Stodghill Says So

An opinionated posting on a variety of subjects by a former newspaper reporter and columnist whose daily column was named best in Indiana by UPI. The Blog title is that used in his high school sports predictions for the Muncie Evening Press.

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Location: Cuyahoga Falls, Ohio, United States

At the age of 18 I was a 4th Infantry Division rifleman in the invasion of Normandy, then later was called back for the Korean War. Put in a couple of years as a Pinkerton detective. Much of my life was spent as a newspaper reporter, sports writer and daily columnist. Published three books on high school sports in Ohio and Indiana. I write mystery fiction for Alfred Hitchcock Mystery Magazine and others. Three books, Normandy 1944 - A Young Rifleman's War, The Hoosier Hot Shots, and From Devout Catholic to Communist Agitator are now available from Amazon, Barnes & Noble and other booksellers. So are four collections of short mysteries: Jack Eddy Stories Volumes 1 and 2, Midland Murders, and The Rough Old Stuff From Mike Shayne Mystery Magazine.

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Saturday, June 21, 2008

The Black Sox and Edd Roush

His name was Horace but they called him Hod and I've been thinking about him and Edd Roush lately. That's because Eliot Asinof died a week or so ago. He wrote a great book, Eight Men Out, about the 1919 World Series.
Hod Eller and Edd Roush were key players for the Cincinnati Reds that year. They won the National League pennant and faced the Chicago White Sox in the Series. That was the Chicago team that became known as the Black Sox because seven of them set out to lose after being offered money by gamblers. An eighth player knew about the plan but failed to report it.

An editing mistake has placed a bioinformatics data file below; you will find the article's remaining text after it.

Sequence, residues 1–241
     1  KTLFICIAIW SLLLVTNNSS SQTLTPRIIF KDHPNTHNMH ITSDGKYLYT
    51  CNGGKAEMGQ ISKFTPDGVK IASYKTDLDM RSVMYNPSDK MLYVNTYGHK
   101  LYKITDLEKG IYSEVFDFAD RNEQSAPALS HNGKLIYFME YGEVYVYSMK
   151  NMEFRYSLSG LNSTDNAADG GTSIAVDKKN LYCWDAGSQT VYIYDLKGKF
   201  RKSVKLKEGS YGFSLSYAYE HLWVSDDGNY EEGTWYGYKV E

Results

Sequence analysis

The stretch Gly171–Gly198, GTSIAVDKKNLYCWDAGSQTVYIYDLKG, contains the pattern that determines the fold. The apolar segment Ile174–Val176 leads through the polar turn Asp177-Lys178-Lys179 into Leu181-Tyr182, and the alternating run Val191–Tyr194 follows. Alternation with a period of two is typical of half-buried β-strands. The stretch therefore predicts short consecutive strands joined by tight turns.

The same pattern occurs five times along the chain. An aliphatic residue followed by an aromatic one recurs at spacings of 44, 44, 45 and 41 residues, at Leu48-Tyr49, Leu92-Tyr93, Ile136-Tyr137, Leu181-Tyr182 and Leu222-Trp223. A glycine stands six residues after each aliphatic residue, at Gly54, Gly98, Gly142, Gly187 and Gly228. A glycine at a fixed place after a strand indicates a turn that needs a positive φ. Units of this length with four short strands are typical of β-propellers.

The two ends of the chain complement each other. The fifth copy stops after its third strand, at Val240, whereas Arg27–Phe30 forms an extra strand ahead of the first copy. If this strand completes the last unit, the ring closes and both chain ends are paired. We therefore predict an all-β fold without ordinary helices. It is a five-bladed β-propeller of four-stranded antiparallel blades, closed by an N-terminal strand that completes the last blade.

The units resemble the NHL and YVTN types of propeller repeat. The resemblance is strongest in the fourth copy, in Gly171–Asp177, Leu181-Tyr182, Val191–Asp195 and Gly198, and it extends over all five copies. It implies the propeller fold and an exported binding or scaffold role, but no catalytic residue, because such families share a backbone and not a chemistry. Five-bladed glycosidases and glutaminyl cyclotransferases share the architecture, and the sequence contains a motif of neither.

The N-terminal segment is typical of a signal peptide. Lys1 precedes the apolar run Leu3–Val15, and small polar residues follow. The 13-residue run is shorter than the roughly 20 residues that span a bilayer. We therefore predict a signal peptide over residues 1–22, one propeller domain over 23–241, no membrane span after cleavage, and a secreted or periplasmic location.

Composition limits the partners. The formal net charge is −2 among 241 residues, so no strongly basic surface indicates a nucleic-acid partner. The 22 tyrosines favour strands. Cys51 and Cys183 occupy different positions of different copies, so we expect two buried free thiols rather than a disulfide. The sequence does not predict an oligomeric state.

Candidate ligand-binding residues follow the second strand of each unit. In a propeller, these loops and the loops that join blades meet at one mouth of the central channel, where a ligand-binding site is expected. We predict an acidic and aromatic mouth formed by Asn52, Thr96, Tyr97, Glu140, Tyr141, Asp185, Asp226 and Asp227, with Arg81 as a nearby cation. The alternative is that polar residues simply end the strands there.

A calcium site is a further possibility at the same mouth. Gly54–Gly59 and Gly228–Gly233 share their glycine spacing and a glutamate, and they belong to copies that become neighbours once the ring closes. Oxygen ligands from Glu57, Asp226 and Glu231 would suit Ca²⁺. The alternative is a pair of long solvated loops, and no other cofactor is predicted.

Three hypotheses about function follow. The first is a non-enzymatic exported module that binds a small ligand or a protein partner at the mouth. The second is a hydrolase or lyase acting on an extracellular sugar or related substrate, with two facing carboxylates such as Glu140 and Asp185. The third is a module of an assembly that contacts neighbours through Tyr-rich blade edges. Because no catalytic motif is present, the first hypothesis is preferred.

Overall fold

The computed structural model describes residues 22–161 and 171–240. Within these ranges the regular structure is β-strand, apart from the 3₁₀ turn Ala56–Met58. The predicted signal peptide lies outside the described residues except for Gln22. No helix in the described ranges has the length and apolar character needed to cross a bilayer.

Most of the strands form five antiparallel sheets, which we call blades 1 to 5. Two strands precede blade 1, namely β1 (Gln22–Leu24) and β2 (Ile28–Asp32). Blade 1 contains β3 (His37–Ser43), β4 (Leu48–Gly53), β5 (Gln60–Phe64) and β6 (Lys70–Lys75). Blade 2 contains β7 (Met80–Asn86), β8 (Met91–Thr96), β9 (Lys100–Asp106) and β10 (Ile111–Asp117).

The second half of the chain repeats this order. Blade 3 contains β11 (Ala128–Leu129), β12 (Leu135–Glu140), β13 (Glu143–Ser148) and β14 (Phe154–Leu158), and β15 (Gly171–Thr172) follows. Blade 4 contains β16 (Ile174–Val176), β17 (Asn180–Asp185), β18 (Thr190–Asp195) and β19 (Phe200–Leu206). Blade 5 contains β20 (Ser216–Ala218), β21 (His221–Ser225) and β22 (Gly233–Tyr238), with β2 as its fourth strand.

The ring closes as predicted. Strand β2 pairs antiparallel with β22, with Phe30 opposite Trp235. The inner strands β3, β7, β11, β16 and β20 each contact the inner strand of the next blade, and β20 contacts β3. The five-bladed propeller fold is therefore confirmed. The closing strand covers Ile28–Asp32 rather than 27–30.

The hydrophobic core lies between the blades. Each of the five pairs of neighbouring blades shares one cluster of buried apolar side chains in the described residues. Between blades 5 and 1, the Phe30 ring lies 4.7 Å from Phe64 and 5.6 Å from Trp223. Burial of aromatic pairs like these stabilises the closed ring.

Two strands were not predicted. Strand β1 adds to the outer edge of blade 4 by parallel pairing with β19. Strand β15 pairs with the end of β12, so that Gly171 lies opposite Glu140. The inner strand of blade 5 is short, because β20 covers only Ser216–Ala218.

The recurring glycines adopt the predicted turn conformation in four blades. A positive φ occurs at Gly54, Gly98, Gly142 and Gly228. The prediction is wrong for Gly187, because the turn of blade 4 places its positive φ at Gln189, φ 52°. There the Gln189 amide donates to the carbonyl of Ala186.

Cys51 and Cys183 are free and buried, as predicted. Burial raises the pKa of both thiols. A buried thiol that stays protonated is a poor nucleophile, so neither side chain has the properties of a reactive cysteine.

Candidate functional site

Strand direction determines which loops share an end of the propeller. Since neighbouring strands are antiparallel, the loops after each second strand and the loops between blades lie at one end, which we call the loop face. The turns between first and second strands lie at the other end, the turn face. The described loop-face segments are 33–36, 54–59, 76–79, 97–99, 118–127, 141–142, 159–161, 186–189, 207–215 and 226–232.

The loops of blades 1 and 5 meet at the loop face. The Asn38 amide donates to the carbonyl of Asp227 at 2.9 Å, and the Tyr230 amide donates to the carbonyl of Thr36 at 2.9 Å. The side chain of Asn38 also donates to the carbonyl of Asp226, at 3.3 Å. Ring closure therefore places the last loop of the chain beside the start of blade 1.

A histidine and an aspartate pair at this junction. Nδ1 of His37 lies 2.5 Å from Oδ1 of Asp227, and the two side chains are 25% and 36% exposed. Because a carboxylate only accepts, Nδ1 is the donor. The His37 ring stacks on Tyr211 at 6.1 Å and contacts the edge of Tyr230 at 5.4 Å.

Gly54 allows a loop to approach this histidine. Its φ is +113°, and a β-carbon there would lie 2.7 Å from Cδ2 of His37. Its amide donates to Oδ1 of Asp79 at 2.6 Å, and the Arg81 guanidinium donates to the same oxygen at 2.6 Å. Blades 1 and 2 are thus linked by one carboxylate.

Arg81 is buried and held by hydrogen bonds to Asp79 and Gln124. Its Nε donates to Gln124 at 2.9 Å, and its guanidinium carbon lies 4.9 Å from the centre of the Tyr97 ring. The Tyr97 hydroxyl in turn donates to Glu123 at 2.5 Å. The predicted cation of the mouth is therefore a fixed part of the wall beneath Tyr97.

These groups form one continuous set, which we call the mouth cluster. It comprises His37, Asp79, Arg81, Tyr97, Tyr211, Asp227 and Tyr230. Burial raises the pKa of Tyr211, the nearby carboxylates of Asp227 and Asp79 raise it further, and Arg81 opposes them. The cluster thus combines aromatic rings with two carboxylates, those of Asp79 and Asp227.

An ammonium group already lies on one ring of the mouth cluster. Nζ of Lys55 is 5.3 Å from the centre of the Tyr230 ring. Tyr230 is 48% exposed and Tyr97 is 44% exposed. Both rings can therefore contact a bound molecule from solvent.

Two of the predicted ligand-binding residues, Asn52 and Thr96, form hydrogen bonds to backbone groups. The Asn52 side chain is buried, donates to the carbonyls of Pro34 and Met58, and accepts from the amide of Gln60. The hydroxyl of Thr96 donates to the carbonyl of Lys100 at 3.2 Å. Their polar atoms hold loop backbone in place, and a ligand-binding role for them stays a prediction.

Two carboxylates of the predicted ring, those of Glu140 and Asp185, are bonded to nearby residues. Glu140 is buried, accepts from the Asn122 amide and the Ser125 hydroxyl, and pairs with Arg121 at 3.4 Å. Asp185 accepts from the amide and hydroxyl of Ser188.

Hod Eller was a pitcher for the Reds. Edd Roush, a member of baseball's Hall of Fame, played center field. One day in 1976 when I was covering a Reds game in Cincinnati, word spread that Roush was watching from the press dining room. I ignored the game and spent two hours talking with him. A rough and tough guy typical of his era, Roush didn't know you could complete a sentence without including at least one expletive. His stories would have held almost any listener spellbound.
He had suffered a heart attack a year earlier. While recuperating, his doctor told him to take an aspirin daily to help prevent a second attack. Roush said, "Well why in hell didn't you tell me that before I had the first one?"
Eventually he got around to talking about the infamous World Series. All the Reds knew something funny was going on with the White Sox. Roush was standing in front of his hotel one night when a shady character he knew slipped up beside him and said, "Edd, the words around that gamblers have been talking to some of your boys."
Roush told Reds manager Pat Moran so before the next day's game he gathered the players in the club house and asked, "Any of you been approached by gamblers?
"Yep," replied Hod Eller, another tough guy. A man of few words, he was scheduled to pitch.
"Well what happened?"
"Guy come up to me in the elevator and said he'd give me five thousand bucks if I'd throw the game today."
There was a lengthy silence finally broken by Roush saying, "Well goddammit, Hod, what did you tell him?"
"Told him if I ever seen him again I'd bust his nose."
Hod Eller from Muncie, Indiana was the winning pitcher that day. It was one of two complete games he pitched. He won both.
Of the heavily-favored White Sox and the conspiracy that saw eight players banned for life, Roush said, "Hell, we woulda beat 'em anyway."


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